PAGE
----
But how did the sequence contamination occur?

To better understand how sequence-based contamination can arise when sequencing SARS-Cov-2 genomes, a basic understanding of how the samples are prepared for sequencing is needed. PCR amplification represents the first step for preparing SARS-Cov-2 genomes after obtaining the genetic material from clinical samples (eg. nasal swabs and saliva) (Figure 1). In a typical PCR assay of SARS-Cov-2, the DNA generated through reverse transcription of SARS-Cov-2 RNA fragments (I will call them cDNA from now on) is amplified using small stretches of DNA – called primers – that amplify the SARS-Cov-2 cDNA. When using one pair of primers, only one region of the SARS-Cov-2 genome is amplified. A few single regions like these being amplified would help identify SARS-Cov-2 when searching for positive COVID-19 cases. However, when trying to sequence an entire genome, hundreds more primers are needed to sufficiently amplify every stretch of cDNA belonging to SARS-Cov-2 after reverse transcription. That’s because the ability to obtain enough SARS-Cov-2 RNA and cDNA, in turn, relies on being able to amplify all cDNA belonging to SARS-Cov-2 in the clinical samples.

Figure 1: The basics of PCR amplification. Every PCR assay is conducted with several cycles to sufficiently amplify target DNA. With SARS-Cov-2, the RNA has to be first transcribed in reverse to DNA through reverse transcription. In each cycle, the double-stranded DNA is first denatured into single strands at high temperatures. Then, the primers are annealed to the fragments only belonging to the target DNA in question. The boundaries of the fragments are set using forward and reverse primers that span the length of the DNA sequence being targeted. Finally, the elongation step enables the amplification of the specified fragment before the cycle is repeated.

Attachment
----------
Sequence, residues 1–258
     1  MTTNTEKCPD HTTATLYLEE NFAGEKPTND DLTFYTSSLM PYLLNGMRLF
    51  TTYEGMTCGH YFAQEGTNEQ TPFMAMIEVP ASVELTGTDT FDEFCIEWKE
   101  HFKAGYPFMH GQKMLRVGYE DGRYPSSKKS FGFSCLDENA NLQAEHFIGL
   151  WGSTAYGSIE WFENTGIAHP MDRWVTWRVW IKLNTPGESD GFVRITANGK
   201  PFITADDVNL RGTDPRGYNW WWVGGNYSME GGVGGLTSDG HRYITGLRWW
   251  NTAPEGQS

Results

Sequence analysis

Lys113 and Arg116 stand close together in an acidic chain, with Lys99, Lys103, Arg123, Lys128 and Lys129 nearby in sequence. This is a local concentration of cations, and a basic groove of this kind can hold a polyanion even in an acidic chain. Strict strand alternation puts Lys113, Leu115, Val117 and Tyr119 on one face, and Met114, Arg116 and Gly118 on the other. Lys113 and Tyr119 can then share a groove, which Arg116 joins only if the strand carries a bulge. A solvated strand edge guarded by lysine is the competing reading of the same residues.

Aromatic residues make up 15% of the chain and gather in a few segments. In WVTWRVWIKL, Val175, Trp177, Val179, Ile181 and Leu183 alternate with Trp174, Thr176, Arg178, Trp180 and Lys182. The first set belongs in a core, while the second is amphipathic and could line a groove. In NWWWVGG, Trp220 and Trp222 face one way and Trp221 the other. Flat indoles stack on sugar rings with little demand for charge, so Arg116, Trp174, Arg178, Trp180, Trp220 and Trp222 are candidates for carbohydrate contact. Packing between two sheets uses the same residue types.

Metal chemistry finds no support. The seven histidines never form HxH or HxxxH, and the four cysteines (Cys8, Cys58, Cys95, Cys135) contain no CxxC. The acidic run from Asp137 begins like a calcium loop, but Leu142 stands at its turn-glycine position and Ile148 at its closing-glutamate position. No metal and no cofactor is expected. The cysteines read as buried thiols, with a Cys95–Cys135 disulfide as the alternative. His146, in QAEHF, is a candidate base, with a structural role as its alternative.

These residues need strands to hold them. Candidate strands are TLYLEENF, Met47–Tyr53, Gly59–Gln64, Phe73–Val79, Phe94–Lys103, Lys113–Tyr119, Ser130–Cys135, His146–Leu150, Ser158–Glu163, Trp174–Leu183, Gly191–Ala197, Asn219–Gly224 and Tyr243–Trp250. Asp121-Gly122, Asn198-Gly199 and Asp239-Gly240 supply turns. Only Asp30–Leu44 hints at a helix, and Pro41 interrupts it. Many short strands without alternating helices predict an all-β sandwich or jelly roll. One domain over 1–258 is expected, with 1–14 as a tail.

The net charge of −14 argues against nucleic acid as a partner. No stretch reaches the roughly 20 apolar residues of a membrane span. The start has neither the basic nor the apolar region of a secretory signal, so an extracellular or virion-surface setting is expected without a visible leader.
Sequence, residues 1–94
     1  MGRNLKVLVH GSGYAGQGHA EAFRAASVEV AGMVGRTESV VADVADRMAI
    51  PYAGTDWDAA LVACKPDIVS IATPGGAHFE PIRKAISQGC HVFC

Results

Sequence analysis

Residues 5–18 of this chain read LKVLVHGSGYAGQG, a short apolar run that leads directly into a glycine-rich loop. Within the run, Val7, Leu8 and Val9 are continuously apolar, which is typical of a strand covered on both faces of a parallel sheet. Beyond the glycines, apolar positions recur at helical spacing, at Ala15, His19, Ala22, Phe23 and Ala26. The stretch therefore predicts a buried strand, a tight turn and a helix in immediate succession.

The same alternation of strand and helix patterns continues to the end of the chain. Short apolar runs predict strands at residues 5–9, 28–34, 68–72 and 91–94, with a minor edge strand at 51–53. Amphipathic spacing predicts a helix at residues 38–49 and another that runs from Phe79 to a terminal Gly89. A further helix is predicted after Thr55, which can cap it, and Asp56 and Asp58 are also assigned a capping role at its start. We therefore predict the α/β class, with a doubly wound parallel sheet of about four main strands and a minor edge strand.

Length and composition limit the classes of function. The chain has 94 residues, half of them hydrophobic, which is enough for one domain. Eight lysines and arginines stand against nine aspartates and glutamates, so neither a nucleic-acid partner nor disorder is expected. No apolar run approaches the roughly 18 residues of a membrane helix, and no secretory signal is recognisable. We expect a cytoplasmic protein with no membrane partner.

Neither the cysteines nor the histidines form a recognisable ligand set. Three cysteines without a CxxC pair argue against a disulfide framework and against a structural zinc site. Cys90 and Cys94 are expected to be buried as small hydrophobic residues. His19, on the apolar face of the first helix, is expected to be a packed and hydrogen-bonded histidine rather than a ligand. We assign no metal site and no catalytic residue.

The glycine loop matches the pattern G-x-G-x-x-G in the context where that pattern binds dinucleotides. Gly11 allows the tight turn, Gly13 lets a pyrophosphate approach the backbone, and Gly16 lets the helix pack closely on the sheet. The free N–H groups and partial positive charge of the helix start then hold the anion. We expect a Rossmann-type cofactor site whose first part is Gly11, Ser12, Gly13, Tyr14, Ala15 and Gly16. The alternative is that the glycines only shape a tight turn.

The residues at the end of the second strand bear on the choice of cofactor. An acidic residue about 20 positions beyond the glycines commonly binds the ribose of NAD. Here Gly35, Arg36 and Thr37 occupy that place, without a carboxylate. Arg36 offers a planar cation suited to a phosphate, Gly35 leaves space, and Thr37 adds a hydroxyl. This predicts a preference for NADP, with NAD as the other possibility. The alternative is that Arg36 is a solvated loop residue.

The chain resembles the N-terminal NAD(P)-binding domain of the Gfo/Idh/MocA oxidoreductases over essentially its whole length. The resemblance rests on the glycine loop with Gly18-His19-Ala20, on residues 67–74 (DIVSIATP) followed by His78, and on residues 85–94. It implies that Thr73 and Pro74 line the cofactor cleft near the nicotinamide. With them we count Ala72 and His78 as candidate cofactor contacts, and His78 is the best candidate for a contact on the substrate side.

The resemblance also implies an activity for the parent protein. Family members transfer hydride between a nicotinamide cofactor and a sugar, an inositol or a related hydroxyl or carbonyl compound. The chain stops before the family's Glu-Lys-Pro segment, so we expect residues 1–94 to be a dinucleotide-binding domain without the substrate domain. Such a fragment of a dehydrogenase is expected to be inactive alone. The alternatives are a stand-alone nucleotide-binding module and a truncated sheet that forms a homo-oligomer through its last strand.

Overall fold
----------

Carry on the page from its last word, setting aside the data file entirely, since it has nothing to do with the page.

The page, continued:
Now let’s move on to PCR amplification for SARS-Cov-2 genome sequencing (Figure 2). Here, hundreds of primers targeting different fragments of the SARS-Cov-2 genome are mixed in samples for PCR amplification. Many of the primers being used for amplification are only used to sequence SARS-Cov-2 as a whole, not a specific variant. At the time Dr. Kostrikis reported his new variant, Omicron-specific primers for sequence amplification were just being released. With hundreds of primers to use at once, the primers targeting Delta and the primers targeting Omicron may have been accidentally mixed before doing the PCR to begin the sequencing preparations. In particular, it’s possible that having Omicron-specific primers amplifying the spike protein would mix with primers targeting Delta for the rest of the genome. This is especially possible since Delta does not have the deletion at amino acids 69 and 70 of the spike protein that Omicron has. By the time the PCR and sequencing are done, a Delta-based genome with spike protein mutations observed in Omicron would end up getting sequenced. That was exactly what happened when scientists analyzed the genomes Dr. Kostrikis uploaded of his new variant. On top of that, clinical samples often have very low quantities of RNA for sequencing; these amounts can be as low as 1 nanogram (that’s 0.000000001 grams)! It would therefore also be possible to see a Delta genome contaminated with Omicron RNA if clinical samples from Omicron-infected and Delta-infected patients were accidentally mixed when processing multiple samples at once. While that possibility may be less likely, these two possibilities provide a plausible explanation for “Deltacron” not to have been detected anywhere else aside from the lone Cypriot lab.